He hoped I would try this saddle out for him and eventually find it satisfactory. I agreed, but admittedly with a big sigh and some rolling of the eyes. I can be so STUBBORN, Rita!

I’m sure by now that y’all think you know where this leading—another new design, another test ride, another brand new saddle collecting dust in my tack room. Who would Catherine Haddad be without her Schultheis saddle????

Well, I’ve got news for you, Rita. Even old dogs can be convinced to upgrade the technology now and then. I got the new saddle last January, and it is not only extremely comfortable, it is also balanced, close contact and identical to my Schultheis in communication capabilities. It has a revolutionary modification to the seat which optimizes rider comfort in a biomechanically correct way.

There is only one small modification left to make, and then I am fairly certain that Stübben will launch a new product with my blessing. That pretty much solves the problem of trying to buy every ancient Schultheis saddle that appears on eBay...

Hang in there, Rita, the top secret new design will be launched soon!

I’m Catherine Haddad, and I’m sayin it like it is from Vechta, Germany.

Training Tip of the Day: Position your knees as forward as possible on your saddle when riding. Simply bend your knees to create the correct leg position—do not pull your leg backward from the hip as this position results in a locked pelvis, which cannot follow the horse’s motion.



















5 years 37 weeks ago
stubben tristen extra
Hello all, I grew up in the Chicago area and remember watching Bodo Hagen show his horse "Absolutely Positive". What a beautiful rider and the horse was full of joy. I remember watching Bodo playing... Read More
6 years 33 weeks ago
old saddles
...and probably complain that the seat is too “hard.” It's funny because my first riding instructor (over 20 years ago, great, I feel old) had 2 dressage saddles, a Stubben (Tristan I think- it ... Read More


6 years 33 weeks ago

So your the one!

I was wondering why I haven't been able to find another Schulthies on ebay!  I have been riding in my stubben tristan extra for about 10 years(LOVE IT,can't live without it), and I have been looking everywhere for another one with a wider tree for my young horse. Hurry Stubben, bring them back. I can't wait to feel this horse's back.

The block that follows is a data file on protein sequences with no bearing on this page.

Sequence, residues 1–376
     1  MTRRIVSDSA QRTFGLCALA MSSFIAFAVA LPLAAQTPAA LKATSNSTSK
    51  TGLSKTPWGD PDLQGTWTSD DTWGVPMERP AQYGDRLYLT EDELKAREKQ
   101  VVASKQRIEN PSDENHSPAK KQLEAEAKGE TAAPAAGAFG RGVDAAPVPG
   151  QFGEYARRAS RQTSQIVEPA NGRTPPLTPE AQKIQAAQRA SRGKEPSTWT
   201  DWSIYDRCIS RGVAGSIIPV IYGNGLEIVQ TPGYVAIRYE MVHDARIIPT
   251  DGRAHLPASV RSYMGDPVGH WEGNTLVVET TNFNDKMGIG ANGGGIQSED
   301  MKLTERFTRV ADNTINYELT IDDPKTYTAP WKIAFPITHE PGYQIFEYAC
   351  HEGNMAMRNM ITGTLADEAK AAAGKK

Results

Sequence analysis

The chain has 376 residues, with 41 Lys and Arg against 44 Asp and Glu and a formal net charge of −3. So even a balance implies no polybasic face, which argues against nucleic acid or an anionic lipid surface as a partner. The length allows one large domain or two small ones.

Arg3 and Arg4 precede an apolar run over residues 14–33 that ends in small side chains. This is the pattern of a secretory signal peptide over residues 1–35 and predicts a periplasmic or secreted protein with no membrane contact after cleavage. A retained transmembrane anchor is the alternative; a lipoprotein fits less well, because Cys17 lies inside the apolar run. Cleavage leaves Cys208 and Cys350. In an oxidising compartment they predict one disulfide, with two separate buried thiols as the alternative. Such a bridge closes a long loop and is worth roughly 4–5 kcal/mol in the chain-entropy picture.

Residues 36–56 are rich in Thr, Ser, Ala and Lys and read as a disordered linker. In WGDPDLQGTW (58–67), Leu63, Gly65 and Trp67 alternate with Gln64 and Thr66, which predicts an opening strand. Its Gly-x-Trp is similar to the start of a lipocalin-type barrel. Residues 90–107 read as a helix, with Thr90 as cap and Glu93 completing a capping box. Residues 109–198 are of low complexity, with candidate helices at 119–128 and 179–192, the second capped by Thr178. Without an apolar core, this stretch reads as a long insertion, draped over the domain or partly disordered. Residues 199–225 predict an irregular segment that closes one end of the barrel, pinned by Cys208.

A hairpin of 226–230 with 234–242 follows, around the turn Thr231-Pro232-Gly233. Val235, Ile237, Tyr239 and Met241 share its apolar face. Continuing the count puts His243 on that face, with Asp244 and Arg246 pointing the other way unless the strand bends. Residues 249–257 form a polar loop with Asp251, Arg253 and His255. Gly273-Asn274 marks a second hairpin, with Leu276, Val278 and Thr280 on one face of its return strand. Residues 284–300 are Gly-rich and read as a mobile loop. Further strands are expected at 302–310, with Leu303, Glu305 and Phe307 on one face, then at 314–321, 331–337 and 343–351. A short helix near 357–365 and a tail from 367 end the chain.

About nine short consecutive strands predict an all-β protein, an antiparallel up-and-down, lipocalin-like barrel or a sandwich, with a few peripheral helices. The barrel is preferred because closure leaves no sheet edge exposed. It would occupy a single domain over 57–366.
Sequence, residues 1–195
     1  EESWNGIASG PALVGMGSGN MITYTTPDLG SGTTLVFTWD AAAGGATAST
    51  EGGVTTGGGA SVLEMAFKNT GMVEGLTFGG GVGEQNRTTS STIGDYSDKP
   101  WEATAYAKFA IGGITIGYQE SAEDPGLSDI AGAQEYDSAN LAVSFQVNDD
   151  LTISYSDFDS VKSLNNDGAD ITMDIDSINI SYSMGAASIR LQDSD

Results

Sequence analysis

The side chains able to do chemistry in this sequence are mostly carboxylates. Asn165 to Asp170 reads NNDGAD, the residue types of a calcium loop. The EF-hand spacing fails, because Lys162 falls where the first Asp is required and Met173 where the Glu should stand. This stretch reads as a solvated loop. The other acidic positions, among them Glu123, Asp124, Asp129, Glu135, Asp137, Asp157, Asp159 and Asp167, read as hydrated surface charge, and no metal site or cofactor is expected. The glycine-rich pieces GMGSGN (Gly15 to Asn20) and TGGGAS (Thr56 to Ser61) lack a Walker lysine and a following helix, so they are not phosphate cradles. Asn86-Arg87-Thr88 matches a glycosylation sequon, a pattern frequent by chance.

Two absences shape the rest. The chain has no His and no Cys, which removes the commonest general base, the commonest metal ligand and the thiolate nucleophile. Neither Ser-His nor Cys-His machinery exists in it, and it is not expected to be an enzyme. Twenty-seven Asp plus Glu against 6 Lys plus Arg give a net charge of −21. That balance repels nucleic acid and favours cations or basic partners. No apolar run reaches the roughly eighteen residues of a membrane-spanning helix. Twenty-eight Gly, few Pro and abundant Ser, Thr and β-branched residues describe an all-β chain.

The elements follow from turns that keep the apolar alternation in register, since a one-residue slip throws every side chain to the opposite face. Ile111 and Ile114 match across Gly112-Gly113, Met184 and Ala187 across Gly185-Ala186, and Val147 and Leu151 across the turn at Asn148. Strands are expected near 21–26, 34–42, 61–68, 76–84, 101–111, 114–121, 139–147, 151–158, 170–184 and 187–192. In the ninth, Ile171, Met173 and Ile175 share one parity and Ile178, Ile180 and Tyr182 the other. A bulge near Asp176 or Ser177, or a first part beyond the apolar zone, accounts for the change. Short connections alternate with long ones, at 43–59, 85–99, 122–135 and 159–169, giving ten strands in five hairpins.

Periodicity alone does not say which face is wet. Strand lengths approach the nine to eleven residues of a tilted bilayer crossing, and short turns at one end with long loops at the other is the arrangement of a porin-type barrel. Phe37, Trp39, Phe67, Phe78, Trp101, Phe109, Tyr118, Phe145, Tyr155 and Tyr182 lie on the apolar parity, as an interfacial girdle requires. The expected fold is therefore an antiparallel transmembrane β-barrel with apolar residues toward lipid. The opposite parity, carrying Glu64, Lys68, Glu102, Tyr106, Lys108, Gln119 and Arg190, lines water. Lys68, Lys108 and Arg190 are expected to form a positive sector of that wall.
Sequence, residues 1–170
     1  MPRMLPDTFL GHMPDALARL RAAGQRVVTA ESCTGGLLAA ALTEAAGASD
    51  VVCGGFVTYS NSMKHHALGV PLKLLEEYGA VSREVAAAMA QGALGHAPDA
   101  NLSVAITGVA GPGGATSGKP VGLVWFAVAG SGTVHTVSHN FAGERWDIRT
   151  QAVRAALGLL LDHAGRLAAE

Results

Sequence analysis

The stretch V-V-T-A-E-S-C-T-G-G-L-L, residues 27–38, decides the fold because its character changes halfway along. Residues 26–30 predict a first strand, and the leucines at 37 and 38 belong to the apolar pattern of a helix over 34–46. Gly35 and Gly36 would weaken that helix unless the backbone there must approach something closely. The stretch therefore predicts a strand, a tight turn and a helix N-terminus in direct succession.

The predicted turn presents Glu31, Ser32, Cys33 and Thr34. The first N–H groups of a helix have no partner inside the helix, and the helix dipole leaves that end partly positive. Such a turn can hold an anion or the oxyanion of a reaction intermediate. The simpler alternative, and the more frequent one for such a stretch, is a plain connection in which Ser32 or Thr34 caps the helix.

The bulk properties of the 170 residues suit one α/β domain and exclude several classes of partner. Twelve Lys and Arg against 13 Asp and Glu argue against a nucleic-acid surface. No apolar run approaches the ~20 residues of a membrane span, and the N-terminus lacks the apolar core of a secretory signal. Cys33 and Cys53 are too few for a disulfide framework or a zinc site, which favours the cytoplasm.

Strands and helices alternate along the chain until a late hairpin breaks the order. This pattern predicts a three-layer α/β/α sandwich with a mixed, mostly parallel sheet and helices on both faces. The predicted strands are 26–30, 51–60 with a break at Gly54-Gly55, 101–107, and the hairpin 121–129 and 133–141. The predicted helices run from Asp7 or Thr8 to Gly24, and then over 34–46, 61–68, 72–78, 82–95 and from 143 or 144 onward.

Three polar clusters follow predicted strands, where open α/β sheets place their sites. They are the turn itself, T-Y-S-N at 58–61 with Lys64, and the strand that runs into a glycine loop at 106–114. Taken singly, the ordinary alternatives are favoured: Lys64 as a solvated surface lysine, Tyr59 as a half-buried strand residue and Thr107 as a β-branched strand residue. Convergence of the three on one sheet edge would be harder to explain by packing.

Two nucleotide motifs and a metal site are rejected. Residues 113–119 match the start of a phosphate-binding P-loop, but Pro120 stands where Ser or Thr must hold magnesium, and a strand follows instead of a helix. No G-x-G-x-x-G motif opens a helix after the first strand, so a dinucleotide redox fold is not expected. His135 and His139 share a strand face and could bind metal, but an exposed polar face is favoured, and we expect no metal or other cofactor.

6 years 33 weeks ago

I love Stubben!

When I saw the photo that was attached to your blog about Hamburg, I thought "Hmm, that saddle is brown and very flat looking." And then BAM! next post is about your old Stubben Tristan. My first trainer to whom I credit all my knowledge about dressage was at one time a student of Bodo Hagen and I learned to sit and feel a horse in her Tristan. I could never get her to sell it to me and even offered my County and Passier for a trade. No dice. Flash forward 10 years and a student of mine who has decided to explore other interests called me first to offer me her Tristan that I helped her pick out a few years ago. I'm picking it up tomorrow and I am SO excited.

6 years 33 weeks ago

old saddles

...and probably complain that the seat is too “hard.”

It's funny because my first riding instructor (over 20 years ago, great, I feel old) had 2 dressage saddles, a Stubben (Tristan I think- it was brown with the short billets and tan panels) and a Kieffer, and we always begged to ride in the Stuben rather than the Kieffer because the seat was softer!  :)

I sort of shudder to think what it would be like for me to try and ride in those saddles now though- I do think I would probably complain and call for my mother, though the new stubben does sound interesting, because I remember being quite enamored of my friend's. 

5 years 37 weeks ago

stubben tristen extra

Hello all, I grew up in the Chicago area and remember watching Bodo Hagen show his horse "Absolutely Positive". What a beautiful rider and the horse was full of joy. I remember watching Bodo playing with his horse on foot in the arena and the horse obviously loved his owner. Other competitors were constantly drilling their horses over and over again with spurs and whips, horses with ears back and tails lashing. What a difference!

The saddle my mom bought me was a stubben tristen "extra". At the time (1976) dressage saddles were havana brown with short billets. My stubben is the type described in this blog post that gives the rider maximum contact and a perfect position. My instuctor had me sit the trot for 4 years. Seriously, I'm not kidding, I practiced sitting the working trot and extented trot for 4 years, from age 14 to age 18. I never learned a lot of more advanced dressage work, but I sure learned how to sit a horse like a dancer, and to use my legs completely independently of my seat. I attribute this a lot to the calibre of saddle I was using, my stubben tristen extra with its perfectly balanced seat and no knee roll. I never found the saddle hard, even when it was brand new. The saddle and instructor taught me to let each seat bone move independently forwards and upwards with the horses movement, and this allowed me to ride with complete comfort.

I also later used my stubben to ride endurance training rides where we trotted 12 miles straight. I did get my weight up out of the saddle for these rides, but my stubben was wonderful.

I still own this saddle 35 years later and it looks about the same as when I bought it. I just can't say enough good things about this saddle. I am considering selling it because I don't ride much anymore due to neck injuries (non-equestrian related)....but I keep postponing putting it up for sale because I know I'll never be able to get another one.

Ann H.